BA breaks down the Atlantic Coast Conference, including our projections for regional teams, player of the year, pitcher of the year and top prospects.
Atlantic Coast Conference
|TOP 20 PROSPECTS, 2014 DRAFT|
|1. Carlos Rodon, lhp, N.C. State|
|2. Trea Turner, ss, N.C. State|
|3. Luke Weaver, rhp, Florida State|
|4. Derek Fisher, of, Virginia|
|5. Andrew Suarez, lhp, Miami|
|6. Pat Connaughton, rhp, Notre Dame|
|7. Mike Papi, of/1b, Virginia|
|8. Nick Howard, rhp, Virginia|
|9. Branden Cogswell, ss/2b, Virginia|
|10. Brandon Downes, of, Virginia|
|11. Chris Marconcini, 1b/of, Duke|
|12. Boo Vazquez, of, Pittsburgh|
|13. Benton Moss, rhp, North Carolina|
|14. Logan Jernigan, rhp, N.C. State|
|15. Daniel Gossett, rhp, Clemson|
|16. Mark Zagunis, c, Virginia Tech|
|17. Brett Austin, c, N.C. State|
|18. Landon Lassiter, 3b, North Carolina|
|19. Andrew Chin, lhp, Boston College|
|20. Garrett Boulware, c, Clemson|
|TOP 10 PROSPECTS, 2015 DRAFT|
|1. Skye Bolt, of, North Carolina|
|2. Nathan Kirby, lhp, Virginia|
|3. Jameis Winston, rhp/of, Florida State|
|4. Steven Duggar, of, Clemson|
|5. D.J. Stewart, of, Florida State|
|6. Trent Thornton, rhp, North Carolina|
|7. Joe McCarthy, of, Virginia|
|8. David Thompson, 3b, Miami|
|9. Korey Dunbar, c, North Carolina|
|10. Tyler Krieger, ss Clemson|
Checking in: Notre Dame (from Big East), Pittsburgh (from Big East).
Checking out: None.
Conference Tournament: Eight teams, group play. May 20-25 at Greensboro, N.C.
Team to Beat: Virginia.
Preseason No. 1 is athletic, deep, powerful, fast and experienced. Pitching is less proven but extremely talented.
Player of the Year: Trea Turner, ss, N.C. State.
With blazing speed, quick hands and rare baseball savvy, Turner is the most exciting player in college baseball.
Pitcher of the Year: Carlos Rodon, lhp, N.C. State.
Already a two-time All-American, Rodon’s premium fastball, premium slider, nasty competitive streak and big-game track record make him the clear favorite to be drafted No. 1 overall.
Freshman of the Year: Chris Okey, c, Clemson.
A gifted defender with an advanced feel for the game, Okey took charge behind the plate this fall, and he also should make an impact with his bat.
Top 25 Teams: (1) Virginia, (5) N.C. State, (6) Florida State, (13) Clemson, (16) Miami, (17) North Carolina.
Other Projected Regional Teams:
Georgia Tech: The Yellow Jackets have plenty of experience on the infield, where 3B Matt Gonzalez and SS Mott Hyde form a very offensive left half. The rotation features plenty of arm strength with veteran RHPs Dusty Isaacs and Cole Pitts along with tenacious LHP Jonathan King, but all three had ERAs above 4 last year and must show they have improved their feel for pitching. If freshman position players like Elliott Barzilli, Keenan Innis and Ryan Peurifoy mature quickly, Georgia Tech should be in regionals for the seventh straight year.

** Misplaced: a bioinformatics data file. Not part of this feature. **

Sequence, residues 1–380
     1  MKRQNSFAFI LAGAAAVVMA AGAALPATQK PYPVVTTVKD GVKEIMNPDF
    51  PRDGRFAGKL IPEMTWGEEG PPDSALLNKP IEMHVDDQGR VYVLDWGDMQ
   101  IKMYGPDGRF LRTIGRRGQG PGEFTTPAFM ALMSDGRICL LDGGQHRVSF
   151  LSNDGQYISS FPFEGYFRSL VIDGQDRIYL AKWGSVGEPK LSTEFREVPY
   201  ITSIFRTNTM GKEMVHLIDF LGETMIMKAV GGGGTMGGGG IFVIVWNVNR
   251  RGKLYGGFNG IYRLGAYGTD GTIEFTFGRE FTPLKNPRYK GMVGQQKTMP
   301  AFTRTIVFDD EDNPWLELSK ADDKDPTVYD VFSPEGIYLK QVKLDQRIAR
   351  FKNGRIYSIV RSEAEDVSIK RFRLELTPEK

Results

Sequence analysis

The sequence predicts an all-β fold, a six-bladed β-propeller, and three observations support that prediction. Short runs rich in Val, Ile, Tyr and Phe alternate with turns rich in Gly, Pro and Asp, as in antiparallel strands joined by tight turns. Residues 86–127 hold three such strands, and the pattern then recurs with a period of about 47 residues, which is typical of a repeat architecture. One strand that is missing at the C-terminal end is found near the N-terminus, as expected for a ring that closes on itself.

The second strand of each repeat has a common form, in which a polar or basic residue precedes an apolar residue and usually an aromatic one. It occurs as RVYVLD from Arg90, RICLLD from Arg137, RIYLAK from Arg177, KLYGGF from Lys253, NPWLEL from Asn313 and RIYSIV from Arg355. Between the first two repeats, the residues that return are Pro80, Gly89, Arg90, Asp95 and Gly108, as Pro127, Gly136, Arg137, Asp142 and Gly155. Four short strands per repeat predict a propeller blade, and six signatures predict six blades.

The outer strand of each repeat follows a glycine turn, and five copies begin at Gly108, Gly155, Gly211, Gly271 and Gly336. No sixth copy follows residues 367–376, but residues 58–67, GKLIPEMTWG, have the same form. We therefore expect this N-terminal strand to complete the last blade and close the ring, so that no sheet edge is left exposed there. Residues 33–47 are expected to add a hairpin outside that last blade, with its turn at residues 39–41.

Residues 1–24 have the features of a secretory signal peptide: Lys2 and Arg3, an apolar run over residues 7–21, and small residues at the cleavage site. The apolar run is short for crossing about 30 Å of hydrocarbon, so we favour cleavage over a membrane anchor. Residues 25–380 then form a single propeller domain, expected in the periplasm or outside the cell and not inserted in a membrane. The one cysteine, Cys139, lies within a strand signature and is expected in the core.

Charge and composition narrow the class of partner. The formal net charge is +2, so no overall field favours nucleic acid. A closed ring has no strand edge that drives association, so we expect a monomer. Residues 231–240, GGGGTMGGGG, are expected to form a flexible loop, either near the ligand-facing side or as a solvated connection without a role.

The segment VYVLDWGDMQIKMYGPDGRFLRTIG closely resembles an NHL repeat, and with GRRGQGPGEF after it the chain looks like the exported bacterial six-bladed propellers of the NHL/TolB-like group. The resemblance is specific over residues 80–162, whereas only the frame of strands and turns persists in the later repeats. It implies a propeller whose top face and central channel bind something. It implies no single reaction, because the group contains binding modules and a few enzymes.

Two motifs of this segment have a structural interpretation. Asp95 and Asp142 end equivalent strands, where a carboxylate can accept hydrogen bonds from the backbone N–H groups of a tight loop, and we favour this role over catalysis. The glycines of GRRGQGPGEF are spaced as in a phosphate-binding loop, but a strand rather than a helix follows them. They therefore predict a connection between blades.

Notable Storylines: The ACC expands from 12 to 14 teams with the additions of Notre Dame and Pittsburgh. Former Boston College coach Mik Aoki returns to the ACC as head coach at Notre Dame, which must replace sluggers Eric Jagielo and Trey Mancini but has a potential ace in righty Pat Connaughton, a basketball player with a fastball that reaches the mid-90s. Pitt, like Notre Dame, competed for a regional last year in the Big East but lost a number of key pieces, led by catcher Elvin Soto and ace Ethan Mildren. The Panthers’ strength is their hard-hitting outfield (upperclassmen Boo Vazquez, Stephen Vranka and Casey Roche) . . . With 11 pitchers who touched 91 or better on scout day, Duke is deeper than ever on the mound and has a dangerous lineup centerpiece in slugger Chris Marconcini. Dogged LHP Trent Swart is a battle-hardened ACC ace, and RHP Mike Matuella is a breakout candidate who touched the mid-90s this fall. It won’t be easy to break a 52-year regional drought, but Duke has a shot . . . Add Virginia Tech to the list of ACC teams that have big shoes to fill. Stalwarts like Chad Pinder and Tyler Horan are gone from a Virginia Tech team that hosted its first regional last year, leaving Mark Zagunis and Sean Keselica as capable anchors of a depleted lineup. Keselica is one of the most important players in the league; the lefthander figures to be the Saturday starter when he’s not at first base. But Zagunis is one of the league’s most well-rounded players, a catcher who hits for average (.341 last year) and power (nine homers) while also providing speed (36 career stolen bases in 46 tries).